Seven weeks on from the imposition of the air, sea and land blockade on the tiny kingdom of Qatar by its Gulf neighbours, the fog of charge and counter charge has begun to clear.
Analysts have struggled to interpret the worst diplomatic dispute in the region for decades, which threatens to destabilise wider relationships in the Gulf. There are long standing tensions over Qatar's determination to play a role on the world stage, which has irritated its neighbours. But what caused the four countries - Saudi Arabia, the United Arab Emirates (UAE), Egypt and Bahrain - to dramatically up the stakes by accusing Qatar of supporting terrorism, remains unexplained.
Mohammed Salah, a building supplies exporter in Dubai, summed it up. "One minute we are doing business with Qatar, the next we are told we are doing business with terrorists. It is all so confusing," he told the Financial Times.
Now it has emerged that a key trigger for the dispute - incendiary quotes the Emir of Qatar is alleged to have made praising Iran and Hamas - were, in fact, invented. According to the Washington Post, US Intelligence has concluded that the United Arab Emirates - one of the Gang of Four - was responsible for a hack of Qatari government news and social media sites in May in which the fabricated quotes were planted.
So the state sponsors of the Qatar blockade who have claimed the moral high ground in the dispute, demanding "trust' and "transparency" from their neighbour, have instead been exposed resorting to fake news in order to engineer a crisis.
The UAE has denied the Washington Post story. Amid the claims, counter claims and obfuscation that has characterised this crisis from the start, it has been hard to disentangle the truth.
Last Friday, the Qatar's Emir, Sheikh Tamim bin Hamad al-Thani, said he was ready for talks to end the crisis on condition that the emirate's sovereignty was respected. Ignoring the fabricated allegations against him, he said he was committed to a policy of "economic openness and diversification" and the development of "our educational, research and media institutions" in order to build the country's independence, maintain its security and strengthen relations with other parts of the world. "This is no longer a matter of luxury for us, but a binding and inevitable course of action," he said.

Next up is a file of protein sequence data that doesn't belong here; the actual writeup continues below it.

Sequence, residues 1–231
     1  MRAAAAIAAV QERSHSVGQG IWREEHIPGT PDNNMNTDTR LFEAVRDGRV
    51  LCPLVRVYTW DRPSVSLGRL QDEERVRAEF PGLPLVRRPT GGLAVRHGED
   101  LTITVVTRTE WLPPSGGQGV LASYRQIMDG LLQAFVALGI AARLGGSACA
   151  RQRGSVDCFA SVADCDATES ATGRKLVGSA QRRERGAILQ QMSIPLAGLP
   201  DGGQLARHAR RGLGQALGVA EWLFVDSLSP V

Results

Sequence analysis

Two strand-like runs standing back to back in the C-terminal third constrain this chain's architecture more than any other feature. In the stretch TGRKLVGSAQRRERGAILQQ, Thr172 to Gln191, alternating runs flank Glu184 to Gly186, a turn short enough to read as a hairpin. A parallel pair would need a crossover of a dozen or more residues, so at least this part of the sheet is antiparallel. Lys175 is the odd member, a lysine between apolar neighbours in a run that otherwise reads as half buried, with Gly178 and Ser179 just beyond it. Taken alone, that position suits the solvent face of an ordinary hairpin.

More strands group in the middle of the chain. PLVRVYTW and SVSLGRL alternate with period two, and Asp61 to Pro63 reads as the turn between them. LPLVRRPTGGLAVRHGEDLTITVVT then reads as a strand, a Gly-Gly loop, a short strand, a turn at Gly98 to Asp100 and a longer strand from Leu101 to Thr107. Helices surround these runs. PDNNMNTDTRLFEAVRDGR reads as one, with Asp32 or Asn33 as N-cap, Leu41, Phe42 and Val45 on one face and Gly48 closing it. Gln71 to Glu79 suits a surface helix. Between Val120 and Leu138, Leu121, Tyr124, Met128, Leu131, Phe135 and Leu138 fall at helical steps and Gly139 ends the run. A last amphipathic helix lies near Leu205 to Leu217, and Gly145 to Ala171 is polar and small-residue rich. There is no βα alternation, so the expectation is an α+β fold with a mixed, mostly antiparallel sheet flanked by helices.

Foreign diplomats and heads of state have criss-crossed the region in search of a compromise. This week it was the turn of Turkey's President Recep Tayyip Erdogan who began a two day visit to the region on Sunday. Turkey has a military base in Qatar and has been a vocal supporter of the emirate in the dispute, but it does more trade with the four countries ranged against it. Mr Erdogan has referred to Saudi Arabia as the "elder statesman" in the crisis and said it had "a big role to play" in ending it.
The impact of the blockade, designed to isolate the gas-rich state, is hard to determine. After the initial panic, when Qataris cleared the supermarket shelves, food supplies and other goods are now flowing into Qatar's docks and airports, with the assistance of Turkey and Iran. But businesses in Dubai and elsewhere in the Middle East are having to be circumspect about doing deals with a country that may cause them to be blacklisted with other customers.
Qatar is classified by the UN as the most advanced Arab state for human development. The country has made enormous investments in education, science and medicine. It has brought eight international universities - six from the US (Cornell, Carnegie Mellon, Georgetown, Texas A&M, Northwestern and Virginia Commonwealth), one from France and one from the UK - to the region, provided them with world-class facilities in its hub, known as Education City , and guaranteed academic freedom, thereby embracing important enlightenment values in a culturally conservative, predominantly Muslim society.
It has established the Sidra Medical and Research Center Centre for Women and Children, , a state of the art hospital opened in 2016 which is the first of its kind in the Middle East and planned as a resource for the whole Gulf region. It hosts two international summits, the World Innovation Summit for Education (WISE) and the World Innovation Summit for Health (WISH), which I chair, attended by thousands of global experts, which have created a unique platform that brings together ministers, industry leaders, policy makers and academics.
As Qatar seeks to transform itself from an oil-based economy to a knowledge-based economy, these gains - for the region and the world - are under threat. It would be a scandal if they were squandered over a fabricated news story based on fabricated quotes planted by state-sponsored hackers.